The Economic Bubble Bath 

Source: Zero Hedge

“At the end of a long, tiring day, we may choose to treat ourselves to a soothing bubble bath. Surrounded by steaming water and a froth of sweet-smelling bubbles, it’s easy to forget the cares of everyday life….We’re presently seeing an economic anomaly – a host of bubbles, inflating dramatically at the same time. The Stock Market Bubble – Only a decade ago, stocks plummeted and billions were lost by investors. But then, before the system could be cleansed of the detritus, more money was artificially pumped into the system and stocks began to rise again. Margin debt is now at an all-time high and complacency is at a maximum. The present condition looks quite a bit more like 1929 than 2008, and the stock market is overdue for a crash. This time, it promises to be much greater than before, as the debt that’s fueling the bull market is at a level that’s historically unprecedented. The Bond Market Bubble – This bubble could just as easily be termed a ‘debt bubble,’ as bonds are simply a promise to pay a debt at a future date…By far, the largest portion of the bond market is that of Treasuries, or government-issued bonds…Bonds are presently in a bubble of epic proportions, and with every month, the foundation underneath them is crumbling more, due to ever-increasing dumping. The Real Estate Bubble – In 1999, the Fed, then under Alan Greenspan, convinced the US president to repeal the Glass Steagall Act, freeing the banks to create the types of loans that helped cause the Great Depression. This, of course, led to the real estate crash of 2007, but instead of the banks going belly-up, they were rewarded for their misdeeds through bailouts that were paid for by taxpayers…Prices have once again risen and, at this point, are overdue for a major correction. That correction is now well under way….The present bubble bath is an anomaly without precedent and, as such, promises to result in a crash of unprecedented proportions.”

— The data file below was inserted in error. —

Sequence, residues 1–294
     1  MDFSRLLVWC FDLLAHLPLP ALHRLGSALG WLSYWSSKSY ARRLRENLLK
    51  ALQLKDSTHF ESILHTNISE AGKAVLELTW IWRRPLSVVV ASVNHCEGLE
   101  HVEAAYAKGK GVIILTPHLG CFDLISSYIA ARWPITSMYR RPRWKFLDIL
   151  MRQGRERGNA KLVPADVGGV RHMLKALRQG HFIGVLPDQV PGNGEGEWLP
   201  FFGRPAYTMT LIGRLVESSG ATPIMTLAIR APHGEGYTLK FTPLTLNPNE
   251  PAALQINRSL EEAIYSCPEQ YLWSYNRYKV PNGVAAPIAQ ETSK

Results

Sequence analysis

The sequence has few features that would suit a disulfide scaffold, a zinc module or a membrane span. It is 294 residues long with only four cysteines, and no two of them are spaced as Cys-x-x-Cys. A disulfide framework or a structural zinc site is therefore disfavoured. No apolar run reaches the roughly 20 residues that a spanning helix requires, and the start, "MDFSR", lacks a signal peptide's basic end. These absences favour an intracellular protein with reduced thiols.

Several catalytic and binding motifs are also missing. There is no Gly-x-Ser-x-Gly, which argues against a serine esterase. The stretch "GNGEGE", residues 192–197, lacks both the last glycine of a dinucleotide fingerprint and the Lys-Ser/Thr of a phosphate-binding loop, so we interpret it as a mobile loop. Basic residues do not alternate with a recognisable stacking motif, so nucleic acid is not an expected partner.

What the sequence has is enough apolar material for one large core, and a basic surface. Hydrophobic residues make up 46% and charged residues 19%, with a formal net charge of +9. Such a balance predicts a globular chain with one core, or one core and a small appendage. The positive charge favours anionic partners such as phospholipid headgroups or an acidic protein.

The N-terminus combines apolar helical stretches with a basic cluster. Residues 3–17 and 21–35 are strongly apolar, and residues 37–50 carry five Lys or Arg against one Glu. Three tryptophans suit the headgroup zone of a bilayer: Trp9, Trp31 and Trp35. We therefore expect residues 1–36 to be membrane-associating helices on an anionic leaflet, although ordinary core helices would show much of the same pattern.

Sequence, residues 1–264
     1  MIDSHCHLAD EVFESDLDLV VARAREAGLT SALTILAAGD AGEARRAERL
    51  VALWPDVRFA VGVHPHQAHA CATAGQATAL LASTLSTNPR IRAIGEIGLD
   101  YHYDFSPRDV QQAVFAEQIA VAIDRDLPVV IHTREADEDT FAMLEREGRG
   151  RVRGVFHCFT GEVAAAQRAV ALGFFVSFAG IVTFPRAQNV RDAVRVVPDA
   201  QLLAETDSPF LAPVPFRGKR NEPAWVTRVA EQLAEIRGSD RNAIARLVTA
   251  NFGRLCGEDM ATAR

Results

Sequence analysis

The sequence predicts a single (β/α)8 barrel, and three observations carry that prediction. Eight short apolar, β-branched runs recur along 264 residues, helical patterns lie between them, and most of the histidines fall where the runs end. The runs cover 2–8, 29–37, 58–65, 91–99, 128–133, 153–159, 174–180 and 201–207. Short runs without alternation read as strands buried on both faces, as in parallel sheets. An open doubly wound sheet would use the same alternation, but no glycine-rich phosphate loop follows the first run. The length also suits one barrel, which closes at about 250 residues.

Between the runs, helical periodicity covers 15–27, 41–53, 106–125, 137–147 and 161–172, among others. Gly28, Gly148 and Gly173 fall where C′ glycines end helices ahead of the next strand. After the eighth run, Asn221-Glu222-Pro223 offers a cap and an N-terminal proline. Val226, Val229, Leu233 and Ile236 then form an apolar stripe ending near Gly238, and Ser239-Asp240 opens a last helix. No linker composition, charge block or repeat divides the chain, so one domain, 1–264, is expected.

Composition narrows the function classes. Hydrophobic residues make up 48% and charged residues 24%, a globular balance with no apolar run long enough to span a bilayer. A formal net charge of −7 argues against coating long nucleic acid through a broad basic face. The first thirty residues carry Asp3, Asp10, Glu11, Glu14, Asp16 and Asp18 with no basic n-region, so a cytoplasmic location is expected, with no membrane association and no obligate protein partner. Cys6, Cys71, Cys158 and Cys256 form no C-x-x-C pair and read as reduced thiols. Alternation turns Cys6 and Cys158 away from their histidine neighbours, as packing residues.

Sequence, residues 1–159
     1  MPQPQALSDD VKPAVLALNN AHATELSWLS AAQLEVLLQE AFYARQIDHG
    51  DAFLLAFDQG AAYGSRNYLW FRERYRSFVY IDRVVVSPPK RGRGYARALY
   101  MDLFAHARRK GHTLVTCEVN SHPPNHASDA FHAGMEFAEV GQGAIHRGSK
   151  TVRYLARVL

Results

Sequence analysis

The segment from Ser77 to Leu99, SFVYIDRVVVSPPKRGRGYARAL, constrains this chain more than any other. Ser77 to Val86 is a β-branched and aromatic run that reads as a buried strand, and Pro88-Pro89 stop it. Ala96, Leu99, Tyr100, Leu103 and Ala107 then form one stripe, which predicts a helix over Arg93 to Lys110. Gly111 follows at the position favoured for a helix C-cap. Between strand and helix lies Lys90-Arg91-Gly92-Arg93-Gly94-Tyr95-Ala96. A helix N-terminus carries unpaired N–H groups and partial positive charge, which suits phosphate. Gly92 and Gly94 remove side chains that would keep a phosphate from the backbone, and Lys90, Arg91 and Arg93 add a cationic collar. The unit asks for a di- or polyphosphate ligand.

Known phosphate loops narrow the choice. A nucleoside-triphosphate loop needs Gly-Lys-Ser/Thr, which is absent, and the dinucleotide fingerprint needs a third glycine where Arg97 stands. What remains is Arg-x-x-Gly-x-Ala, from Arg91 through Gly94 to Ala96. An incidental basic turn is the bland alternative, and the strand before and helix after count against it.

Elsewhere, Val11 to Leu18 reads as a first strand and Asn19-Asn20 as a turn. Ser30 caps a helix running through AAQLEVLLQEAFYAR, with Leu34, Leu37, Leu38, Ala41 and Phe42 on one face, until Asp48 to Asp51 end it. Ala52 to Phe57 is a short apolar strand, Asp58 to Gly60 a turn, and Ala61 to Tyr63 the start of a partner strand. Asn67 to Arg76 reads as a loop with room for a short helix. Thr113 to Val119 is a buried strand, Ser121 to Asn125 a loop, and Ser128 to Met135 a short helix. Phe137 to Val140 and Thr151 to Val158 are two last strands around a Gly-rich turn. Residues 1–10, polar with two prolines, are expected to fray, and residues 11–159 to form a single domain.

For 2020 Democrats, It’s ‘Ignore The Economy, Stupid’ 

Source: Issues Insights

“How do Democrats sell their policies when the economy is doing well and unemployment is at 50-year lows? By avoiding the subject. At least, that’s what Democrats did during the two nights of debating. The very first question asked in the first debate, by Savannah Guthrie, was about whether the Democrats’ far-left agenda would risk the economic growth we’ve been enjoying. ‘Seventy-one percent of Americans say the economy is doing well, including 60% of Democrats,’ she said. ‘What do you say to those who worry this kind of significant change could be risky to the economy?’ Sen. Elizabeth Warren, the first to answer, pretended not hear the question. Instead, she went on a rant about how the economy is ‘doing great for a thinner and thinner slice at the top.’…And when Democrats did talk about the economy, it was in grim, Dickensian terms. Cory Booker said, ‘I see every single day that this economy is not working for average Americans’…For Kamala Harris, ‘this economy is not working for working people.’….Democrats instead debated about how much free stuff they would give people, including health care to illegal immigrants. The economic discussion, when it occurred, focused mostly on redistribution and class envy….Ignoring the solid gains that families are making right now won’t make them go away. And constantly portraying the economy in the grimmest light only makes Democrats look out of touch.”

 

Healing the Divisions in Our Country 

Source: New York Times